The most critical East Bay election this year is Richmond’s city race where voters will decide whom to elect for city council and mayor and whether to support Measure U, the Richmond Citizen’s Advisory vote to approve a casino at Point Molate. There are few local races that will have broader implications for the future of Richmond, our East Bay shoreline and the greater bayshore environment.
And yet, the silence on Measure U from major Bay Area environmental organizations is deafening. No spirited debate among the leading environmental organizations, no call to action to vote down the casino except from the East Bay Chapter of the California Native Plant Society. These are strange times indeed. What cast such a pall over a critically important public discussion and the public service that it provides citizens?
The unhappy truth behind this situation is the application of a powerful weapon—the threat of a poison pill. Since we first learned of the proposed settlement between Upstream Development and Citizens for Eastshore State Park and SPRAWLDEF more than a year ago, we have been told that the agreement and its benefits will dissolve if any major environmental organization contests the Environmental Impact Report. Our unequivocal response has been that we would not agree to give up our legal rights. Since we have never seen the settlement agreement, we cannot know whether the poison pill is real or merely a threat. But the developer promise of big money that could go away if somebody else ruins the deal (big carrot, bigger stick) has had a chilling impact on public discourse. Who wants to be perceived as the spoiler?
From our perspective, it’s one thing to sue and negotiate your own settlement, and to that extent we believe that the negotiators operated in good faith. It is quite another to agree to a condition that would attempt to impose a private settlement upon an entire community without public debate, particularly when the terms include approving a publicly unpopular mega-development. Apparently the cynical ploy worked. Visit the website of nearly any major Bay Area environmental organization or read their ballot recommendations and you won’t find mention of Richmond’s Measure U. In some cases you’ll find statements of support for the settlement agreement from different organizations with sentences composed of the exact same text. Environmental groups prejudged the outcome, and rather than waiting to hear the will of the Richmond voters, these organizations have gotten out front with a pro-casino message.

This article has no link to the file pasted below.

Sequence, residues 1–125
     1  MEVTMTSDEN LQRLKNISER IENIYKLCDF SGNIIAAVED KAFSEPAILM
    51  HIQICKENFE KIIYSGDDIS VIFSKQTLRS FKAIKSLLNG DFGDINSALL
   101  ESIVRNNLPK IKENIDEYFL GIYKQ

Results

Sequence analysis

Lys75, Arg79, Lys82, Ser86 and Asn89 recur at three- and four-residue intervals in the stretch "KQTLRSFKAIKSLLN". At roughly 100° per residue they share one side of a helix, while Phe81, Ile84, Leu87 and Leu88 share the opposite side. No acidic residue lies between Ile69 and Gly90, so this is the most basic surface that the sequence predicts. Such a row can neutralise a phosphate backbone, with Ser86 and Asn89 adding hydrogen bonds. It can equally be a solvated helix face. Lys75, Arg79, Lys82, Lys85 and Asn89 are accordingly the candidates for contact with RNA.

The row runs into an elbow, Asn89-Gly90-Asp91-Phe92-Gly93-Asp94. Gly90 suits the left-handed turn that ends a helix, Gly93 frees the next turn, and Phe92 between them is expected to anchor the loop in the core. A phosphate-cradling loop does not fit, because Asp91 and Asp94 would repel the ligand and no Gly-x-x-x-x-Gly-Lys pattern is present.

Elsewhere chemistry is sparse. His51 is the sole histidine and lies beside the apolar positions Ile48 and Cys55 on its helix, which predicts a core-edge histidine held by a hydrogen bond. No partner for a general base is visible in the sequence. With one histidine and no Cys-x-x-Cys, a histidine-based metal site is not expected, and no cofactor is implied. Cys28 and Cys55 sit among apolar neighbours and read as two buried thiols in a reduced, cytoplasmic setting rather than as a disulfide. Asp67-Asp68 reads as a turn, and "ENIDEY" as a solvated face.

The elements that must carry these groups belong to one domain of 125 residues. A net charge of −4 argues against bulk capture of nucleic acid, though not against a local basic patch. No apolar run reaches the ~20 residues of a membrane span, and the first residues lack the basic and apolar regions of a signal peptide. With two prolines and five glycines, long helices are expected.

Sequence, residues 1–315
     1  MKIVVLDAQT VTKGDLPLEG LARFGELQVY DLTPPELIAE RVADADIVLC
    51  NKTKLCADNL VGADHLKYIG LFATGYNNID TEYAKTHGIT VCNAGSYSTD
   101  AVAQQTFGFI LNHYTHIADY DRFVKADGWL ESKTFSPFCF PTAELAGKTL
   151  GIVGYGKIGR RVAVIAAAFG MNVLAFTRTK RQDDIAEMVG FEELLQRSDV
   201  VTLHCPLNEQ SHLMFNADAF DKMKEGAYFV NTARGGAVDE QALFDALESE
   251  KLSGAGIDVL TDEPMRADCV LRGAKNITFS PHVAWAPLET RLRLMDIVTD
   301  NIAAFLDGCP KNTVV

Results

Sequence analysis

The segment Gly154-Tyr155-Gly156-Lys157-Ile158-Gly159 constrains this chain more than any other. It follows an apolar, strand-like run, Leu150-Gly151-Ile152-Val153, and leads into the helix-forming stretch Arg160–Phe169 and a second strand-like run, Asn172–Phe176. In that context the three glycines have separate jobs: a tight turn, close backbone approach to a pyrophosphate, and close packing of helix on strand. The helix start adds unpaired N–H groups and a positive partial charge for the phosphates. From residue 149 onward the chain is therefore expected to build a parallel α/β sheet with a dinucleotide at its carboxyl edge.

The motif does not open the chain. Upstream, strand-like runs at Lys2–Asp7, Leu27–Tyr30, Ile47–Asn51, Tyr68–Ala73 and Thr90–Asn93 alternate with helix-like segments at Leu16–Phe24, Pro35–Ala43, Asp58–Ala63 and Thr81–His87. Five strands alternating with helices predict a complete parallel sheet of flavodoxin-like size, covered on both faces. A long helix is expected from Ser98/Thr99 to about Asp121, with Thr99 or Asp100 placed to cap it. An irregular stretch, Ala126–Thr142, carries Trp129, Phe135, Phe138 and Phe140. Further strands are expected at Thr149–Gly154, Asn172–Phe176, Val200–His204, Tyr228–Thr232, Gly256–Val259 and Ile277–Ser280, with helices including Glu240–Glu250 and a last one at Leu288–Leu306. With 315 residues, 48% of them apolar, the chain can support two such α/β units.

We believe that it is in the public interest to understand what effect the poison pill claim has on the public process. It brings us no great pleasure to notice how powerfully it silenced an entire community whose reputation is built on transparency. And, yes, we remain adamantly opposed to the casino and to anything other than sustainable development at Point Molate. The irony is that the prospects have never been better for defeating the casino and clearing the path for sound planning to protect Point Molate and the San Pablo Peninsula. Polls show Measure U going down to defeat.
Perhaps the best news of all is that strong vibrant grassroots groups such as the Citizens for a Sustainable Point Molate and the Richmond Progressive Alliance have organized out of the understanding that they cannot look to the environmental community to oppose the casino, and they have found the resolve to carry the fight forward on their own terms. We plan to give them all the support we can. We urge Richmond residents to vote No on Measure U. Our non-profit status bars us from endorsing candidates, but we urge those who oppose the casino to learn which candidates share their views and get out and vote. The Richmond Progressive Alliance (www.
Delia Taylor, President
Laura Baker, Conservation Committee Chair, (510) 684 - 4572
Lech Naumovich, Conservation Analyst, (510) 734 – 0335
East Bay Chapter of the California Native Plant Society
California Native Plant Society